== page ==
2018 MƒA Summer Think
Workshop Spotlight | August 9, 2018
By Linnea Reyes-LaMon, MƒA Master Teacher
Summer is the best time for me to reflect on my teaching practice. This time allows me to keep the past year of teaching fresh in my mind, while leaving enough time in before fall to plan the implementation of new strategies that will improve my students’ experiences in the classroom. Over the course of three days at the MƒA Summer Think, a teacher-led conference created to facilitate deep collaboration and the sharing of resources between teachers within the MƒA community, all of the 90+ teachers in attendance had the chance to reflect on our practice, and collaboratively learn how to improve our teaching and understanding of our students.
I was on the Summer Think planning committee, and part of that work included deciding on the theme “Identify Your Why.” Whether it’s teachers’ students that inspire them, the love of content, a desire for impact, or social change, we chose to tackle questions of purpose, motivation, goals, rationale, inspiration, self-awareness, and metacognition over the course of the three days. Within the greater theme, personally, I had two learning goals during Summer Think – to learn about ways to improve meetings and discussions with colleagues and to lessen the impact of grades while teaching students to be metacognitive.
There were a variety of “Deep Dive” and “Splash” sessions at the conference, two different formats that varied in length and gave teachers a chance to do in-depth explorations of the “why” questions. Deep Dive topics were anything from “Why are we learning this?” to “Why aren’t more students taking opportunities for practice as opportunities for mastery?” In the “Why do meetings suck?” Deep Dive, facilitated by MƒA Emeritus Alan Cheng, all MƒA teacher attendees wanted to explore the qualities of effective meetings and how teachers can contribute to their success. Modeling what good facilitation looks like, Alan led us through protocols to get to know participants and build trust before tackling pressing issues. We discussed our hopes and fears when walking into meetings. We analyzed times when we felt successful in our classrooms. Sadly, we are all familiar with meetings or after school gatherings that can skew toward negativity. (“I don’t know why my students don’t get this,” or “Let me tell you about my terrible day.”) To make discussions and meetings more productive we can simply discuss what is going well and what led to the success. In the subsequent sessions, we followed a consultancy protocol, taking the role of facilitator, presenter, or participant to fully understand a dilemma and discuss possible ways of dealing with it. As facilitators of meetings, our most important job is to listen and respond accordingly. We as teachers can make sure we follow protocols so that every voice is heard and so that we fully understand a situation before diving into recommendations.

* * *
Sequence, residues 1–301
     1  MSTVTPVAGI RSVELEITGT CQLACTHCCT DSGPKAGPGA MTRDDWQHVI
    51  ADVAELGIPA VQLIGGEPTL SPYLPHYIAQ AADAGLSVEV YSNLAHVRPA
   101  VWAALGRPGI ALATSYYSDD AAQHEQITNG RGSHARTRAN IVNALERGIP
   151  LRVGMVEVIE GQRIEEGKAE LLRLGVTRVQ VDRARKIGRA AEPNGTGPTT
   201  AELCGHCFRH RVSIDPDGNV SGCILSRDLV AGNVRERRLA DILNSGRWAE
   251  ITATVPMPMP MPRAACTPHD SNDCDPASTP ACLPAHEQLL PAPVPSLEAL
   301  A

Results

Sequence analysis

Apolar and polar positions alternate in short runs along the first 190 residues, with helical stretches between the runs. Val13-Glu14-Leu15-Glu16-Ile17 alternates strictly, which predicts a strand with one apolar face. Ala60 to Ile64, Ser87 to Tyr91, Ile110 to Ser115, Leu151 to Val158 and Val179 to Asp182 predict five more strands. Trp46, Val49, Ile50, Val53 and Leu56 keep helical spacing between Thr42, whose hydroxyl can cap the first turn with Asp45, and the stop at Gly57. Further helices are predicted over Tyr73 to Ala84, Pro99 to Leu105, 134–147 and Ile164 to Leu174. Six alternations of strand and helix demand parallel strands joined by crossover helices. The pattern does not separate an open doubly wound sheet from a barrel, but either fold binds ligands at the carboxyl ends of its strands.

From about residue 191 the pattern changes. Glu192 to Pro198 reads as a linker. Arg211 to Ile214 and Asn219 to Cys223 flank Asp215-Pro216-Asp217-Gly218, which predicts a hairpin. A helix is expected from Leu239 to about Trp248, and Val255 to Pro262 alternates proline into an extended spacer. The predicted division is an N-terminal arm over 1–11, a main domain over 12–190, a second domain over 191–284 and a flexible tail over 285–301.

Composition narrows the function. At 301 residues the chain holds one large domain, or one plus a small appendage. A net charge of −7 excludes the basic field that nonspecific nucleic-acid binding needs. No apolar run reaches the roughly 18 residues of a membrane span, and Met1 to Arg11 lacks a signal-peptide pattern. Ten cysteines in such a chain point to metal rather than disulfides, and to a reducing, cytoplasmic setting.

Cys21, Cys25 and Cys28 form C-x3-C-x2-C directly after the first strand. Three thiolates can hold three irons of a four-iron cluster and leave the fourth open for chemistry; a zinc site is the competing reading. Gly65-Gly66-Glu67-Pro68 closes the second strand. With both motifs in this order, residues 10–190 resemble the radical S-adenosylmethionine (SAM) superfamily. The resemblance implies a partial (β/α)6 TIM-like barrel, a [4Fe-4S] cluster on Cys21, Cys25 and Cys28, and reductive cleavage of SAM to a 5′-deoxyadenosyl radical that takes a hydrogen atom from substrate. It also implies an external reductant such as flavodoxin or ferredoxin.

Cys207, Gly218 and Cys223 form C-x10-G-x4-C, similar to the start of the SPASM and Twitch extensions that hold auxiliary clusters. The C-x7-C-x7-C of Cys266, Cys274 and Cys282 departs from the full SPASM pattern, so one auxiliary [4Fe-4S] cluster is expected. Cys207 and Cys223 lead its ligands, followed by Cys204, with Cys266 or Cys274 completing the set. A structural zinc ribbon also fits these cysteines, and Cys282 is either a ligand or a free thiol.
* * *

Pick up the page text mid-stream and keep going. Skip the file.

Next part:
During the Summer Think “Splash Sessions,” I was able to tackle my second goal of teaching students to be reflective about their learning and less focused on their overall grades. We considered questions like, “why is independent learning empowering to students?” and “why does identity matter?” In addition, teachers in attendance were invited to write ideas for topics discussed during the “Open Ocean,” an experience similar to an open studio where we could move freely between discussions. I had written “Going Gradeless” on the dry erase board in hopes to talk with other teachers about the emphasis placed on grades rather than learning, and ways to communicate students’ progress without reporting grades. I met MƒA Master Teacher Katelin Corbett who revealed that she did not use grades in one of her classes and plans to do the same in of the rest of her classes this upcoming school year. In this open space session, I heard voices of teachers ranging from those who use percentage grades and haven’t heard of mastery-based grading to teachers who like me are challenging the ways we report the progress of our students. Hearing from these different perspectives highlighted the issue of reporting grades across schools and identified roadblocks in our paths of creating meaningful learning experiences for our students.
When walking through the “Deep Dive Exhibition” on the last day, the vision we had for the conference was on full display. It was exciting to see how many of the sessions focused on either improving discussions or reflecting about teaching and learning. These workshops all introduced protocols or specific structures to bring back to our classrooms and shared practices for effective teaching and learning. The Summer Think conference was another way we could create a space for teachers to share experiences and improve our practice. It was designed and led by us, for us, and focused on us, our classrooms, our schools, and that’s the most powerful type of professional development I’ve experienced.
Linnea Reyes-LaMon began her teaching career as an MƒA Early Career Fellow in 2014 and is now a 2018 MƒA Master Teacher. She teaches mathematics at Beacon High School, one of thirty-eight schools in the New York Performance Standards Consortium. Linnea researches the mathematical properties of musical rhythms and her work has been featured twice in Tom Tom Magazine: A Magazine About Female Drummers.